Private Indiscretions

By: Susan Crosby

One



An hour before Sam Remington graduated from high school fifteen years ago, he stuffed the sum of his belongings into three grocery sacks and flung them onto the back seat of his 1977 oil-eating Pacer. Five minutes after the ceremony ended he made his final trip through town, his tailpipe spewing a noxious farewell of good riddance.

Today he returned in a black Mercedes so new it didn’t have plates. He’d paid cash for it. But Sam wasn’t here to advertise his success to the people he left behind. Normally he wasn’t one to dwell on the past. Today was different. He’d chosen the day of his return to his hometown specifically. Certainly he could have come another time. Maybe should have. But news of his fifteen-year high-school reunion     set the date for him. Some unfinished business of his had gone ignored for too long. He had two people to see. He’d just come from seeing the first one. Now he would deal with the other.Sam negotiated the winding roads of Miner’s Camp, a community of 3,100 people nestled in the Northern California foothills of the Sierra Nevadas. He kept his gaze straight ahead as he passed the turnoff leading to the house where he was raised—the house from which he’d escaped—although the unusually cool August evening took him back to the nights of his childhood, when he’d roamed the countryside, looking for something he never found.

He ignored the bruising memories and headed to the Elks Lodge. The parking lot was full, the fence posts dotted with red and gold balloons, the colors of Prospector High School, which served a community of several small towns.

Sam pulled off the road and slowed to a stop, gravel crunching under his tires. The party was well under way. Laughter spilled from the open doorways and windows as Madonna sang the 1980s classic “Like a Virgin.”

Nostalgia didn’t overtake him—he’d never understood the appeal of reunion    s—still, there was that one person he’d come to see. Only one out of a graduating class of eighty-seven. He was sure she would be in the crowd. And he had something to say to her. To Dana Cleary. Dana Sterling, he amended. Her married name. Then he could close the book on his past forever.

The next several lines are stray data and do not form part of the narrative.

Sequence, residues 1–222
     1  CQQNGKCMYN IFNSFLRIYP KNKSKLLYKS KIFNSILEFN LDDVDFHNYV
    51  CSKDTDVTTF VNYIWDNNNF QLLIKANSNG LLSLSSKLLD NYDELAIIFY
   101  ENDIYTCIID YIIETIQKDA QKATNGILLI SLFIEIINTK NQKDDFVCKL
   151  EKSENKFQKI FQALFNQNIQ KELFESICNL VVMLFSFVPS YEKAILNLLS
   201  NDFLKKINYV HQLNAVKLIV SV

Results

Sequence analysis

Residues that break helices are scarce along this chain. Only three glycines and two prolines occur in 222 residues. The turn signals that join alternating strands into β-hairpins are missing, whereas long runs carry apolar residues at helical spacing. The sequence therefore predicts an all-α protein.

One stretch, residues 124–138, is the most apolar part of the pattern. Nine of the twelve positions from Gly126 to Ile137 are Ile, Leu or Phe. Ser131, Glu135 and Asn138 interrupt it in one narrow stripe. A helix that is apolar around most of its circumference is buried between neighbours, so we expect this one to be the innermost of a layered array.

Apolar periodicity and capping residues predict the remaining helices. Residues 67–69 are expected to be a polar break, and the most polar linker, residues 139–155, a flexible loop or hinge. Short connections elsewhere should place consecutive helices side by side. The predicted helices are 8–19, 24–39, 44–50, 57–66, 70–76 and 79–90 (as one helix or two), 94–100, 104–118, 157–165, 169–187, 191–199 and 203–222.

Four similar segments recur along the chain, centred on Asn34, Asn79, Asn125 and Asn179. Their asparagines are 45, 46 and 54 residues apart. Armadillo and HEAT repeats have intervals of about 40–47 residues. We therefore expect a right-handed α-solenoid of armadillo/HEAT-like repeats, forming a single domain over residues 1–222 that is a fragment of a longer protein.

He had a choice in the timing. He could wait until the party ended and catch her at her parents’ house, where she would undoubtedly spend the night. Or he could get it over with now and be in San Francisco for his latest assignment before midnight, his past shoveled six feet under….

After a moment Sam turned off the ignition and got out of the car. He’d been in some tight circumstances, life-and-death situations. He’d welcomed the challenges, gloried in the risks, exulted in his escapes. He could channel the adrenaline flow in his body deliberately, but the anticipation of seeing Dana sent a rush through him that he couldn’t control. He wondered at the rare sensation, even savored it.

He approached the building but stopped short of entering, waiting for his internal anticipation to settle. Lingering near an open door he noted more balloons, and a disco ball that dappled the room with speeding stars. Memories washed over him of his junior year and another dance. Watching through a window. Music and laughter, dinner and dancing. A longing so painful…

He’d taken her to the senior prom the next year, but their relationship hadn’t changed for having gone to the dance.

None of that mattered fifteen years later as Sam slipped into the Elks Lodge just as the deejay took a break from his chatter and the 1980s music. Candi James bounded onto the stage and scooped up the microphone, the same pep-squad perkiness she’d had in high school still evident as she read from a long list, leading the cheers for such notable accomplishments as who had the most children, who’d come the farthest and on and on and on.

With everyone’s attention directed at Candi, Sam moved around the perimeter of the room. He stopped when he spotted Dana. He didn’t fight the initial jolt of seeing her again, taking a moment to watch her instead. A little taller than average, she was more angular than curvy, her hair not strictly blond or brunette but a honeyed mix of both, and shoulder length now, not the rich waterfall to her waist that had made him want to wrap his hands in it and pull her close.

He couldn’t see her eyes from where he stood, but he knew they were obsidian, pitch-dark eyes that had issued him challenges since elementary school.

She wore an unrevealing, blue couture dress and low heels, understated, practical and elegant, befitting her position, but a far cry from the hot-pink number she’d worn at the junior prom.

“And finally,” Candi said, folding her list and setting it aside, “our three mega success stories. Harley Bonner, who owns the eighth largest ranching operation in the state of California.”

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